Directed by Anne Fontaine
Now streaming on Netflix
"Adore" is about lifelong best friends, Lil (Naomi Watts) and Roz (Robin Wright), who fall in love with each other's teenage sons. The sexual undertones are there from the beginning, so it is less a shocker when this happens than brash foreshadowing: The women comment on the physical appearance of their sons as they're surfing ("They’re beautiful. They’re like young gods."); they joke with the boys about their breasts; and in another scene, they both sip drinks while watching the boys shower on the beach. There are even sexual comments made about Roz and Lil's relationship when they question whether or not they're romantically interested in each other, and recall a time when they practiced kissing.
Soon enough, all of the sexual tension comes to a head and sparks a relationship between Roz and Lil’s son Ian (Xavier Samuel). When Roz's son Tom (James Frecheville) finds out, he begins an affair with Lil. Cleverly, Fontaine does not play this unusual arrangement for dramatic fireworks. I mean, someone's going to be genuinely upset about this, right? The boys basically grew up with both of these women as mother figures and when the affairs start it all seems very, very Oedipal, but after a very brief rift, everyone just kind of gets over it because they're happy. Perhaps because the women don't have to grow up if they're dating the younger male versions of themselves and the teenage boys are teenage boys, so this works for them, or maybe because this unlikely arrangement is sincere and infused with real feelings.
The film doesn't actually provide much insight into their relationships; instead it focuses on the comparison of each boy's commitment to their relationship and how one is much stronger than the other. This comparison legitimizes the relationships to the viewer, so they aren't perceived as a screwed-up fantasy. It's odd how normal it seems and the decision to downplay shock value is this movie's boldest provocation. Conflict finally arises when the movie flashes forward two years. The boys are now both 20, and the women decide they should try to put an end to their relationships. Hell is unleashed, outside factors threaten everyone's bonds with each other, and you'll actually find yourself rooting for these relationships to work. (Ashley Stephenson)
Directed by Ravi Dahr
Now streaming via Netflix
Hulking stuntman Nick Principe, who looks like Clive Owen as drawn by Tom of Finland, plays John Falcon, just out of jail after serving 10 years for robbery and immediately ready to take revenge on his brother Sam (Todd Farmer), who left him for dead and also got Darling (Robin Sydney), Falcon's wife, hooked on drugs. Yeppers, pure uncut pulp right here, though director Ravi Dahr shoots the thing as if it's an art film, all through a greasy lens with a documentarian's shaky hand, and there are a number of unexpected references to grimy sensitive douche cinema like "Buffalo 66" and "Bellflower." The movie's pretty much just the third act of "Drive" for all three of its acts, mixed with "Sons of Anarchy" ridiculousness and a little bit of the glib cynicism of "Breaking Bad."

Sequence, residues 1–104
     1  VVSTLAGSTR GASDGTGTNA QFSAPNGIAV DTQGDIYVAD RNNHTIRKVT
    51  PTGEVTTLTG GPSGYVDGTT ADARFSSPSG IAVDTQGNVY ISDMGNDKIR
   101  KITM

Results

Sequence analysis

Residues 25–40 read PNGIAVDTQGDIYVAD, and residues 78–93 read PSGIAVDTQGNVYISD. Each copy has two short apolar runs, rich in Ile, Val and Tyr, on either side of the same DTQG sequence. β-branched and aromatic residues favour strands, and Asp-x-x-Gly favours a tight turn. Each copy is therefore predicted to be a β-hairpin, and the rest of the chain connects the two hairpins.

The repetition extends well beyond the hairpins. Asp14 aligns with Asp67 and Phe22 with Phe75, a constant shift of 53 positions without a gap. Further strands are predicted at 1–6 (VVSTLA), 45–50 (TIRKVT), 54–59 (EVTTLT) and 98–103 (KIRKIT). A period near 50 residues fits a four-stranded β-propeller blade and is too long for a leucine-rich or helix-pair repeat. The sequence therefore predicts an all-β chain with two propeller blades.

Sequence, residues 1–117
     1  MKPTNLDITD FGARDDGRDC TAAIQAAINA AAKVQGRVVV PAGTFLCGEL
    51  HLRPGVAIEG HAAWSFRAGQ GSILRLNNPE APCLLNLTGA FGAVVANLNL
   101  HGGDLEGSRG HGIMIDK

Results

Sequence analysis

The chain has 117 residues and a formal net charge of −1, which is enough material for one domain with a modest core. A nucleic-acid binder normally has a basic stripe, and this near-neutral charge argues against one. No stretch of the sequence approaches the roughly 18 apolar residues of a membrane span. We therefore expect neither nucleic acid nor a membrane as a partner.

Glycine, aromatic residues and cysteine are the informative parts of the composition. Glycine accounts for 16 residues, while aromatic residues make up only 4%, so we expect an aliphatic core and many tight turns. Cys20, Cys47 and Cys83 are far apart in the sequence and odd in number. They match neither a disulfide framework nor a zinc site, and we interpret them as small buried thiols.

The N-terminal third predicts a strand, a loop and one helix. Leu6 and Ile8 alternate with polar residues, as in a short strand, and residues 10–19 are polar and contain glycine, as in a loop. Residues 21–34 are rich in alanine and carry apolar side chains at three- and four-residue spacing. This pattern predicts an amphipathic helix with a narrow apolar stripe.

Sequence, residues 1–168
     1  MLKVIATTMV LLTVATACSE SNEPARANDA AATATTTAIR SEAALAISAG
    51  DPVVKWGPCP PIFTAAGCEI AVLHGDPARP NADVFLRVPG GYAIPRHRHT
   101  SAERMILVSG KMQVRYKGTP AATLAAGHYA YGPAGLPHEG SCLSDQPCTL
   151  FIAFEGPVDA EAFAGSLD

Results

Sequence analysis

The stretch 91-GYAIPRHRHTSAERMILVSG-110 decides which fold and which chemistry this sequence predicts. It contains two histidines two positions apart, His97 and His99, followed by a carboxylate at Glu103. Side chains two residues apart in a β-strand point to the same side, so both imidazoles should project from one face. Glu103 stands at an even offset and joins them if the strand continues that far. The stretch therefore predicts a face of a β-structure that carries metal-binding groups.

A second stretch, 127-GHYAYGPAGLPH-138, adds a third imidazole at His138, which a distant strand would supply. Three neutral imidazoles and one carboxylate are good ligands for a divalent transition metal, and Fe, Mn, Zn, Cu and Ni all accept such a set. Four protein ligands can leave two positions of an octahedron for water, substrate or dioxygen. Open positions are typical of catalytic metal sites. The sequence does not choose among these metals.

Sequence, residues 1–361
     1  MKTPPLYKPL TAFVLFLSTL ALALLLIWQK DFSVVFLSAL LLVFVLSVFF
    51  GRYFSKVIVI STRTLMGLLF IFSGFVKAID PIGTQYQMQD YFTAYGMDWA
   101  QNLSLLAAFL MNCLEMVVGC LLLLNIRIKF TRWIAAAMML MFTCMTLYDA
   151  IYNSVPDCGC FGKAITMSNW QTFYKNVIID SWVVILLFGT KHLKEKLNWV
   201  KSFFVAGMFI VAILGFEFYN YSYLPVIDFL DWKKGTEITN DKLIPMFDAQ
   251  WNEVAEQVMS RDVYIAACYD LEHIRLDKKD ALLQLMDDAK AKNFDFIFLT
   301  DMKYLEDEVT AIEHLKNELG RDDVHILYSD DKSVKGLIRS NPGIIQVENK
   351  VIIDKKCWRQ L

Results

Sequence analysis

Indeed, if Jesse Pinkman, Badger, and Skinny Pete made a movie, it would probably be a lot like "American Muscle": Every woman gets naked and has sex with Falcon and every man grunts and snorts and looks like they're from an episode of "Pawn Stars," so it's sexist goofy garbage that moves into the mean-spirited quite a bit (too much, really), but I'll take it because rarely do you watch a movie these days that has you wondering what kind of sleazeballs actually made the thing, you know? Really, it should just be a narrative porn in the throwback '70s fuck-flick mode, but alas, it is not, but what can you do.
The punch-drunk dialogue sounds like it was written by 14-year-old boys ("My dick hits harder than that," someone say when they're punched) and is often funny as hell, like this quotable from brother Sam: "If you see a '73 coward yellow Duster it's my brother. I need you to do me a favor . . . I need you to kill him for me." Oh yeah, I forgot to mention: Falcon drives a brightly colored Plymouth Duster, hence the title, which is so clearly not the way to stealthily travel if you're going to sneak up on your old friends and family members and murder them, but it looks great (we can only wish the movie were actually porn but it is certainly car porn) and the other option would be to not have a muscle car in this movie and then where would we be? Style matters here and "American Muscle" is unexpectedly rakish. All of the blood is CGI, which was presumably a logistical way to do this movie on the cheap though it adds another surreal level to the thing. And there are nice little characterizations, like Falcon's addicted wife Darling, living in a tent indoors, in an otherwise empty room in Sam's meth mansion. It's a strangely affecting Wes Anderson-ian touch that totally doesn't need to be there in a movie made by guys that probably would've called Wes a fawkin' pussy back in high school, but there it is. What stellar trash. (Brandon Soderberg)